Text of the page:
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Arab Christians moving from Muslim communities
Question of the Day
STERLING HEIGHTS, Mich. — Arab Christians here are trying to separate themselves from a boisterous Muslim community that has served as a punching bag for "terrorism" stereotypes since Sept. 11.
Many have moved to Detroit's northern suburbs — Sterling Heights, Madison Heights, Farmington Hills and the Bloomfield areas — to get away from the high concentration of Muslims in Dearborn, said Pastor Haytham Abi Haydar of Arabic Fellowship Alliance Church. Other Christians, he said, have turned their backs on their Arab heritage and integrated with American culture.
But just like Middle Easterners often assume America is a Christian nation, many Americans assume all Arabs are Muslims. That's made life in a post-9/11 world difficult for a group of people who is proving religion has no borders.
"On many, many, many occasions, if you're an Arab, you might as well be a Muslim to many people here," Mr. Abi Haydar said. "Unfortunately, the majority don't see the dynamic that Christianity came from the Middle East, that Jesus was from the Middle East."
Mr. Abi Haydar said some Americans know the difference and do not stereotype. "You can't label all Americans as ignorant," he said.
Still, there are many pastors and churchgoers who assume that all Arab Christians are converts from Islam, when, in fact, many have been Christians all their lives.
"I've seen a lot of Christians in churches here who don't even know the difference between Arab Christians and Arab Muslims," Mr. Abi Haydar said. "They think, 'You're an Arab. That means you're a Muslim, or you converted from Islam."
Many of these problems were brought on by al Qaeda leader Osama bin Laden, when he started drawing attention to the Arab community after he masterminded the 9/11 attacks. Arab Christians hope the tension dies now that he's dead, so they can move on.
William Salaita, a Roman Orthodox Christian who immigrated here from Jordan in 1979, knows the depths of Arab stereotyping all too well. He still remembers the months following the terrorist attacks in 2001, when his daughter, who attended a Christian high school at the time, called him in tears one day because of discrimination from fellow classmates of the same faith.
"Almost everyone in school is accusing me of being Osama bin Laden's terrorist," she told him.
"They don't distinguish," he later said. "We look like people who are from al Qaeda or a terrorist organization."
Noora Yousif, from Sterling Heights, has noticed a similar problem. She's a Chaldean, a term that usually refers to Iraqi Catholics. But many Americans assume that's another word for Muslims.
"I don't think a lot of people know what Chaldeans are," she said. "Automatically, they would assume you are a Muslim, until you start explaining to them."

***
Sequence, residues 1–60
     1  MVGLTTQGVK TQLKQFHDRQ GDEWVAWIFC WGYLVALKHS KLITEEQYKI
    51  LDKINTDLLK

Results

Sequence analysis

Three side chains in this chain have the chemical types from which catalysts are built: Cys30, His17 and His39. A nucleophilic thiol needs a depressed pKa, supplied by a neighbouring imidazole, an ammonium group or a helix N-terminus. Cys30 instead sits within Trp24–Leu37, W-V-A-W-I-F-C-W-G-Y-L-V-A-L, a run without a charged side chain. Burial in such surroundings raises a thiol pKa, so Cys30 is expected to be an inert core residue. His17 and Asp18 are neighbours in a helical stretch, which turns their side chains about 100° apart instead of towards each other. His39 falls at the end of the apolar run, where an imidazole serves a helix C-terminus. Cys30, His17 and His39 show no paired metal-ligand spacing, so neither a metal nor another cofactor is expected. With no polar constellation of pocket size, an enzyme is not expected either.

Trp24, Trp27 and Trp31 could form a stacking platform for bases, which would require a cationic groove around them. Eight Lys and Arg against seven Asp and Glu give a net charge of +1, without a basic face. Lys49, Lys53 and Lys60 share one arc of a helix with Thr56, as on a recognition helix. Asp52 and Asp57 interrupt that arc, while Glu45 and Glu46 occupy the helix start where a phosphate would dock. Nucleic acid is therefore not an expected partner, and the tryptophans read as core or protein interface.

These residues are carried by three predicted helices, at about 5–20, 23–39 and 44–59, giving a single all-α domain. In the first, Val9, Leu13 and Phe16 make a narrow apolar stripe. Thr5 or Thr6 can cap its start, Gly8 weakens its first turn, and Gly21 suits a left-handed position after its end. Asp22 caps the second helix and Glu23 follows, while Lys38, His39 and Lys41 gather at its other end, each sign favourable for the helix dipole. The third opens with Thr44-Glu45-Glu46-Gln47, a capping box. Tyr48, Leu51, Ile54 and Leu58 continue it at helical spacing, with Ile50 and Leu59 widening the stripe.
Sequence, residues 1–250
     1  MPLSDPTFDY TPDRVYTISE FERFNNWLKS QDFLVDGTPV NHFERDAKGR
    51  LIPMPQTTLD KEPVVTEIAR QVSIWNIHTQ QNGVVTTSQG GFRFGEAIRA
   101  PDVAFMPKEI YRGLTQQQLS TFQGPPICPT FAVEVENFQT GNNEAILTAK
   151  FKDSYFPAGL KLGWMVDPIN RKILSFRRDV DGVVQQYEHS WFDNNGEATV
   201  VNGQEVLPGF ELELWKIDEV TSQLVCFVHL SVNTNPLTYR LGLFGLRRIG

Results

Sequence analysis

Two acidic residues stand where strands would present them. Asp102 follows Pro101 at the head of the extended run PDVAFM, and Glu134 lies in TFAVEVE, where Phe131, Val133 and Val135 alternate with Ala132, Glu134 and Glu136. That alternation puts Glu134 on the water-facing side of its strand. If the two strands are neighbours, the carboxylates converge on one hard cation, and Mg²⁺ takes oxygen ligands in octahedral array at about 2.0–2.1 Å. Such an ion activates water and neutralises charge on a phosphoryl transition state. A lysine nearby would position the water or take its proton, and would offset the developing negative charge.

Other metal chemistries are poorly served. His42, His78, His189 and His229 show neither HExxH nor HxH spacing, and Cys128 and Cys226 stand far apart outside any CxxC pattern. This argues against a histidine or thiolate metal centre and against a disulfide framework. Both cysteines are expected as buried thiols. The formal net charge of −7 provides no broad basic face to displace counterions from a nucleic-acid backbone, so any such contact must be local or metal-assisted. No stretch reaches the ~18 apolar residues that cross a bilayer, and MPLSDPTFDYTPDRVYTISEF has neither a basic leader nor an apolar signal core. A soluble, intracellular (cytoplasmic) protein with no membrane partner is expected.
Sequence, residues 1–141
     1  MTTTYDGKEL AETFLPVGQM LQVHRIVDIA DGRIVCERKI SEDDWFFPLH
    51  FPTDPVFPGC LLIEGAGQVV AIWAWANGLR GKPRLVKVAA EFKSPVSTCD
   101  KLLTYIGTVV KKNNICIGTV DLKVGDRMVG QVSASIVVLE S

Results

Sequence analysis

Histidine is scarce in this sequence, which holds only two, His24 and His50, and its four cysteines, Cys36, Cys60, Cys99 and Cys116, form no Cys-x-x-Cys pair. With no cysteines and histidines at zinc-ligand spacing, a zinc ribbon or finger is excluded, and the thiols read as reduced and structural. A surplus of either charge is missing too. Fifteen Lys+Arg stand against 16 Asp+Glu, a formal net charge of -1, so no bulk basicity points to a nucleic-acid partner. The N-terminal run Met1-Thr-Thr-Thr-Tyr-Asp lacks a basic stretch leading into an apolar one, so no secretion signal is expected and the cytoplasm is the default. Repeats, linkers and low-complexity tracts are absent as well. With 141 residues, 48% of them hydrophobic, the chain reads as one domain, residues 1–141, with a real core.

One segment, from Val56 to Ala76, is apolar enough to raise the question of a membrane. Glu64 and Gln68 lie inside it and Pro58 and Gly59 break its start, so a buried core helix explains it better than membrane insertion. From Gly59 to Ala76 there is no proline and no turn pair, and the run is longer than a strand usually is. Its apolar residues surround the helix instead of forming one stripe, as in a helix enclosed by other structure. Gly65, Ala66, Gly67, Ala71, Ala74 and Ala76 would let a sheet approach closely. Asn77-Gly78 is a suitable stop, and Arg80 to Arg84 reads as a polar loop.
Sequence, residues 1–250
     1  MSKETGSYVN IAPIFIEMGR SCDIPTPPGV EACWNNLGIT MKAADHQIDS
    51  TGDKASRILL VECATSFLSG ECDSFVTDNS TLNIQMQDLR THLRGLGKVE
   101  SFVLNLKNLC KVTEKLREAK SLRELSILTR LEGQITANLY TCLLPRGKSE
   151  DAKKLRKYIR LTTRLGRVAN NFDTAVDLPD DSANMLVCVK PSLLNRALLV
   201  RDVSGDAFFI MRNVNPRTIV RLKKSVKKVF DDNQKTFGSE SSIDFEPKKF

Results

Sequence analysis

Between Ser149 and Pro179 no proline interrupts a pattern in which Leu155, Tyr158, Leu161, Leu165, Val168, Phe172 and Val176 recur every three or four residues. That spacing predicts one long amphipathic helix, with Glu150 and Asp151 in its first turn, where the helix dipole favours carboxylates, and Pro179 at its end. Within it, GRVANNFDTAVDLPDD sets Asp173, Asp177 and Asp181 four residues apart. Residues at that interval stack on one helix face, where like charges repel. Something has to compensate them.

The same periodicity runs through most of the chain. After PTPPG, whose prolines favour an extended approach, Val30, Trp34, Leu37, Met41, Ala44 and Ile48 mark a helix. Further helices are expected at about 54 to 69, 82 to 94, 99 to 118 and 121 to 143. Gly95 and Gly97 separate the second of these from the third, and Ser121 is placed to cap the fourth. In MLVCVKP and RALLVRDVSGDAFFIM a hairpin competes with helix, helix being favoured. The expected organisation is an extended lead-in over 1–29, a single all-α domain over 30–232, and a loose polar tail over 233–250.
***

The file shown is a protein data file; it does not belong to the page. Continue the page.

Oftentimes the stereotyping depends on where they live, said Shirin Fakhri, a member at Arabic Brethren Assembly Church in Sterling Heights, where she lives. She immigrated to the U.S. from Iraq in 1995, and has been fortunate enough to avoid stereotyping, because the community is more familiar with the Arab Christian population than in other areas.
Furthermore, Arab Christians who are integrated into American society — those who speak the language and dress to fit in — are less likely to face problems, she said.
That's why many Arab Christians have disengaged from their Middle Eastern roots, Mr. Abi Haydar explained. While many Muslim communities keep their identities, many Christians "melt into American society."
"The Christians don't want to be around Muslims," Mr. Abi Haydar said. "They just want to stay away from them."
Miss Fakhri admits it would be difficult to settle down in Dearborn, because the Muslims customs are so different from her own and she would feel "weird living there."
"I think it's very hard for a Christian to live there in a Muslim community," she said. "I would feel uncomfortable to live there. You feel like the whole community is total different."
But Mr. Abi Haydar laments over the divide between Arab Christians and Muslims. While many of these Christians have moved to the northern suburbs, his church continues to be based in Dearborn, so they can reach out to their fellow Arabs.
"I find it very unfortunate, because Christians are failing to be a light to that community," he said.
At Heritage Baptist Church in Sterling Heights, Mich., they are trying to defying these labels. The congregation shares its building with the Arabic Brethren Assembly Church, and they occasionally enjoy meals together.
"These are wonderful Christian brothers," said Kevin McGuire, an assistant pastor at the Baptist church. "They worship the same Christ we do. We count them as part of the family of God."
© Copyright 2014 The Washington Times, LLC. Click here for reprint permission.
About the Author
Tim Devaney is a national reporter who covers business and international trade for The Washington Times. Previously, he worked for the Detroit News, Grand Rapids Press, Portland Press Herald and Bangor Daily News. Tim can be reached at firstname.lastname@example.org.
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